July 2, 2013 by Saagar Sarin
Galen Central will be doing a summer series profiling USC’s incoming basketball class, including transfers. Our next profile is on Nikola Jovanovic, a freshman forward from Serbia. Read earlier profiles on: Julian Jacobs, Pe’Shon Howard, Katin Reinhardt, and Darion Clark.
When Pac-12 coaches prepare to play USC this coming season, they’ll scratch their heads when they look down the Trojans’ roster sheet and see incoming recruit Nikola Jovanovic. Not just because the 6-foot-10 Serbian is a relative unknown heading into his freshman year at Troy, but also because he will be a matchup nightmare.
“I can play outside of the thee-point line,” Jovanovic said via e-mail from Serbia. “But I can also use my height to play inside. Some coaches from Serbia are comparing me to Dirk Nowitzki because of my body constitution, and I would like to say that I really like Blake Griffin’s play as well as Kevin Durant’s.”
Trojan fans would be more than happy if Jovanovic became comparable to any of those players, especially following a disappointing 14-18 campaign that saw the Trojans struggle to establish any sort of consistency. New head coach Andy Enfield, plucked from Florida Gulf Coast University, will bring his high energy “Dunk City” offense to the Galen Center, and Jovanovic believes he is going to fit in great in that system.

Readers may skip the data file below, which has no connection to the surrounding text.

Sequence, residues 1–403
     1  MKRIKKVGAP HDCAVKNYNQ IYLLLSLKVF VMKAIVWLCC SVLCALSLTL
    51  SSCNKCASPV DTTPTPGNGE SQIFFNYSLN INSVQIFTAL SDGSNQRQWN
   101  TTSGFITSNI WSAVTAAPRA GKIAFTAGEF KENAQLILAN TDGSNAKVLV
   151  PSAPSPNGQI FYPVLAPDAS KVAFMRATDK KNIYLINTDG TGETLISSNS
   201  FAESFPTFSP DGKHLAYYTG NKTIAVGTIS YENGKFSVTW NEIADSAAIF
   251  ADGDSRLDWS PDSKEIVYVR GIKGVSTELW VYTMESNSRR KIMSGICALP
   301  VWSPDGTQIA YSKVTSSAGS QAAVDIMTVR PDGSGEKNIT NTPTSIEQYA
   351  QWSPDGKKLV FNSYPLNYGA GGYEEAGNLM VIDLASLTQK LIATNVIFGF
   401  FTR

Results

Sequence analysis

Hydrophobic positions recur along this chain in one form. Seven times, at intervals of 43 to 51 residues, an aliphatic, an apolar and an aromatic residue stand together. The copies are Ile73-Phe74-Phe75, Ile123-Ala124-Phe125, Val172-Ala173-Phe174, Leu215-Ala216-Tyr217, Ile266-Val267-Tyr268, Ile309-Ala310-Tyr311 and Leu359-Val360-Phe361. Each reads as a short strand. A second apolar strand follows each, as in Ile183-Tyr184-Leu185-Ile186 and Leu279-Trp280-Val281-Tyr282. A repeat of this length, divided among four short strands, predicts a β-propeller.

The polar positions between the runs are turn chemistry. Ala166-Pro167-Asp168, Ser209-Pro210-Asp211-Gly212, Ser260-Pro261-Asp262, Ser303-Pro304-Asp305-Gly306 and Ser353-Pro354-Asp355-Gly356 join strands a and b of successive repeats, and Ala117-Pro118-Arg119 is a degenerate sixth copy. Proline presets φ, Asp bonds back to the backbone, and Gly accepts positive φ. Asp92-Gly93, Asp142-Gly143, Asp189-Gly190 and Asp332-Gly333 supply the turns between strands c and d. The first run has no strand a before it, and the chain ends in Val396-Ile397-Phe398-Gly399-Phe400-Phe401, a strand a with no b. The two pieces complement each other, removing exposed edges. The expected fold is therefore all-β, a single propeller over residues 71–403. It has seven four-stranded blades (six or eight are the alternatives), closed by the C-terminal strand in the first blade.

“Personally, I like to play fast and I will give my best to do everything that Coach Enfield asked me to do,” he said. “I think that Coach Enfield is the best possible solution [for] the men’s basketball program.”
Jovanovic, along with Kahlil Dukes, Julian Jacobs, and Roschon Prince, kept his commitment to USC after former head coach Kevin O’Neill was shown the door. Jovanovic believes that core group will bring the program back to its past successes.
“I think that everything is going to gel together and we are going to build up a great basketball program,” he said.
The Serbian native attended the famed Arlington Country Day School, one of the top basketball prep schools in the nation. Additionally, he is currently playing for the Serbian national team in preparation for the U19 World Championships. While it’s not necessarily the same as playing against the top competition in the Pac-12, it’s certainly a valuable training experience for a young player.
“I gain a lot of experience working with the best players of Serbia,” Jovanovic said on his national team experience. “It means a lot to me.”
Next season will certainly be a work in progress with so many new players (not to mention a brand-new coach and offensive system) but Jovanovic’s strong work ethic and dedication to the game should prove to be invaluable. And his 6-foot-10 size and sweet shooting stroke won’t hurt either.
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